• FIG. 3B shows a close-up view of region A. Since region A is close to the center of wedge 3, the curvature of interface 16 is less effective to direct the reflected energy away from the center. As shown in the figure, sound waves are reflected multiple times back and forth between interface 16 and top surface 18, so that probe 10 receives multiple echoes from acoustic pulses originating within region A.
  • FIG. 4A illustrates a system in which a probe and composite wedge are used to detect a sub-surface flaw 22 in a test object 20. FIGS. 4B, 4C, 4D and 4E are graphs showing the amplitude of the echo signals received by probe 10 as a function of time. “TOF” designates the time of flight of the echo signals.
  • FIG. 4B shows the signals received in the absence of flaw 22 using a prior art wedge in which the distance D is significantly more than the L-wavelength in the lens material. The “main bang” signal 420 is the echo received coincident with the pulse generated by probe 10. The first echo signal 422 is due to the first reflection of the pulse from interface 16, and the dotted line 400 illustrates schematically that the time T0 between signals 420 and 422 is directly related to the distance D. Second echo signal 424 occurs at time T0 after first echo signal 422, and so on for all subsequent echo signals. The amplitude of subsequent echo signals decays approximately exponentially due to energy losses on reflection at surfaces and within the material of lens 12. The decay envelope 428 is shown as a dotted line, which is commonly referred to as the ringdown envelope. Echo signal 426 is illustrative of the smallest detectable echo signal within the ringdown envelope: in FIG. 4B, signal 426 is shown as the fifth echo signal, but any number of detectable echoes is possible.
  • FIG. 4C shows the signals from the same prior art wedge as in FIG. 4B, but in the presence of a sub-surface flaw 22. The amplitude of echo signal 432 from sub-surface flaw 22 is barely sufficient to be detected above the amplitude of the ringdown envelope 428, which means that the signal to noise ratio of echo signal 432 will be unfavorable.
  • FIG. 4D shows the signals received in the absence of flaw 22 using a wedge according to the present disclosure in which the distance D is less than or equal to the L-wavelength in the lens material. Because the distance D is small, the time duration of ringdown envelope 444 is very short, such that in the received signal 442 the main bang and subsequent echoes cannot be resolved from one another.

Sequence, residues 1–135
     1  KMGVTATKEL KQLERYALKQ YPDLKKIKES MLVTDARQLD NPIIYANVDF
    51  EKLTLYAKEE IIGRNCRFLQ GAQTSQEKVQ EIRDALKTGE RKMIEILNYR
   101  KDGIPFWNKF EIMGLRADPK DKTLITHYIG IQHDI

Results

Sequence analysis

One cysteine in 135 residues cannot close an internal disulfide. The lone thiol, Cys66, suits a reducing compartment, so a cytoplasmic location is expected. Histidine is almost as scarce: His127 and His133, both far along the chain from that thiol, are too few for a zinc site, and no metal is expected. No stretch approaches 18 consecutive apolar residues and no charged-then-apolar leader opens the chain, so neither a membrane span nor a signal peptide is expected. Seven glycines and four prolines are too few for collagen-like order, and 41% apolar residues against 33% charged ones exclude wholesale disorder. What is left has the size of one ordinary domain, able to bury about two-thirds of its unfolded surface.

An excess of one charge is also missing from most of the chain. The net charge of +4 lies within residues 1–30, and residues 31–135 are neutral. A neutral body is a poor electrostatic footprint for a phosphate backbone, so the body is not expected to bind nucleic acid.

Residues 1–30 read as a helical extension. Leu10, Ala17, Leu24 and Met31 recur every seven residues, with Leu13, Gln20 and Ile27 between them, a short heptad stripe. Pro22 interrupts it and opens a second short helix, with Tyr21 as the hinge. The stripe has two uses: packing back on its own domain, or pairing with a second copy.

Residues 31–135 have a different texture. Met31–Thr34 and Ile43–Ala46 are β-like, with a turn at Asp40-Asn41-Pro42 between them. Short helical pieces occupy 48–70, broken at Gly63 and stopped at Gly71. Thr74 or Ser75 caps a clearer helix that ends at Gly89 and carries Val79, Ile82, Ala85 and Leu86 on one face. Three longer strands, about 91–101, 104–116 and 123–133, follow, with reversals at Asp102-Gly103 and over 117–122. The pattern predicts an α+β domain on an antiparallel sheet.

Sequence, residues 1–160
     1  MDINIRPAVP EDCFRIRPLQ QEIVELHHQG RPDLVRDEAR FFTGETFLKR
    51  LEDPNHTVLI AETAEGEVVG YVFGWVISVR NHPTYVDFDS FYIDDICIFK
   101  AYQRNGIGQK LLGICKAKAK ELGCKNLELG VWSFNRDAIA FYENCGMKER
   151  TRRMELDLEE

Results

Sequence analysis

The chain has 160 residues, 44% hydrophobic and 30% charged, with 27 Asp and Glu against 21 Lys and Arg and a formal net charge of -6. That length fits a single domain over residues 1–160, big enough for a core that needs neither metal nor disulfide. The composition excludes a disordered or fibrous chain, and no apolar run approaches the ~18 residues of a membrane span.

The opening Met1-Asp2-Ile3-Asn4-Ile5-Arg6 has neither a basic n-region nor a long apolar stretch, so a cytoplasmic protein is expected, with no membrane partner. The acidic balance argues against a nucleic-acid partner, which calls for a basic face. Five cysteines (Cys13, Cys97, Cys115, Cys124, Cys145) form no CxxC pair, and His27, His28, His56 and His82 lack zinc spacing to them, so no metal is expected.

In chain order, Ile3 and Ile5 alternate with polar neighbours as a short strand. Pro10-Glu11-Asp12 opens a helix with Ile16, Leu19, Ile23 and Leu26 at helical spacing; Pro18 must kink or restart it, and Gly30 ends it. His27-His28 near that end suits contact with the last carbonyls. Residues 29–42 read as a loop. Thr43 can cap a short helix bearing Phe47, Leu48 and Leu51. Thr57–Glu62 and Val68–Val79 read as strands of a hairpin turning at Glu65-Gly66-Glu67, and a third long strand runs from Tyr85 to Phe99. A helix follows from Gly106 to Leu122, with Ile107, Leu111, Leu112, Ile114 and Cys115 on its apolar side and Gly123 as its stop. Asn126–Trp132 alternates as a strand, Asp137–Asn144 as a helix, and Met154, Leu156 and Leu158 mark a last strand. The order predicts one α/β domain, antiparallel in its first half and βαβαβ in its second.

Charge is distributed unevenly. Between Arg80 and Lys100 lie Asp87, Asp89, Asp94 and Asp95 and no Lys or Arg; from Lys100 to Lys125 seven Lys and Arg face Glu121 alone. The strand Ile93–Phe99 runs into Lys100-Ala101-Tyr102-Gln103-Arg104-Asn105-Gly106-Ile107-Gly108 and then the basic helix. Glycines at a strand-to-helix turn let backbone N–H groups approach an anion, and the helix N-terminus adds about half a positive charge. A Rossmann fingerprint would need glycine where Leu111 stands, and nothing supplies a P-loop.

• FIG. 4E shows the signals from the same wedge according to the present disclosure as in FIG. 4D, but in the presence of a sub-surface flaw 22. The echo signal 432 from sub-surface flaw 22 is clearly visible with no background signal from ringdown envelope 444, which means that the signal to noise ratio of echo signal 432 will be favorable.
  • It should be noted that it is an important and novel aspect of the present invention that reducing the magnitude of the distance D so that it is less than or equal to the L-wavelength enables detection of echo signal 432 with reduced background signal from the ringdown envelope.
  • It should also be noted that in the foregoing description of exemplary embodiments, the interface between the lens and the wedge base has been illustrated as cylindrical, spherical or wedge-like. It should be appreciated that any other functional interface, which would allow achieving a beam formation in the test object, for example, for improving the distance/gain/size (DGS) flaw sizing with a planar probe fixed on an angled wedge having a planar matching surface, is within the scope of the disclosure.
  • FIG. 5A shows a phased array ultrasonic testing and inspection apparatus 55 configured to conduct an inspection session of ultrasonic operation on a test object 20. Inspection apparatus 55 includes a composite focusing wedge 50 with a lens 12 and base 14, and a phased array ultrasonic probe 10 operated by a predetermined focal law generated by a focal law module 58 during the inspection session. A data acquisition unit 52 is electronically coupled with the probe and receives response signals from the probe via signal line S-1. Data from data acquisition unit 52 passes to a processor 54 via signal line S-2. Processor 54 preferably contains a wedge ID module 56 and focal law module 58, both of which are described below in relation to FIG. 5B. Processor 54 produces an NDT/NDI result 59, which may be displayed on an instrument display (not shown).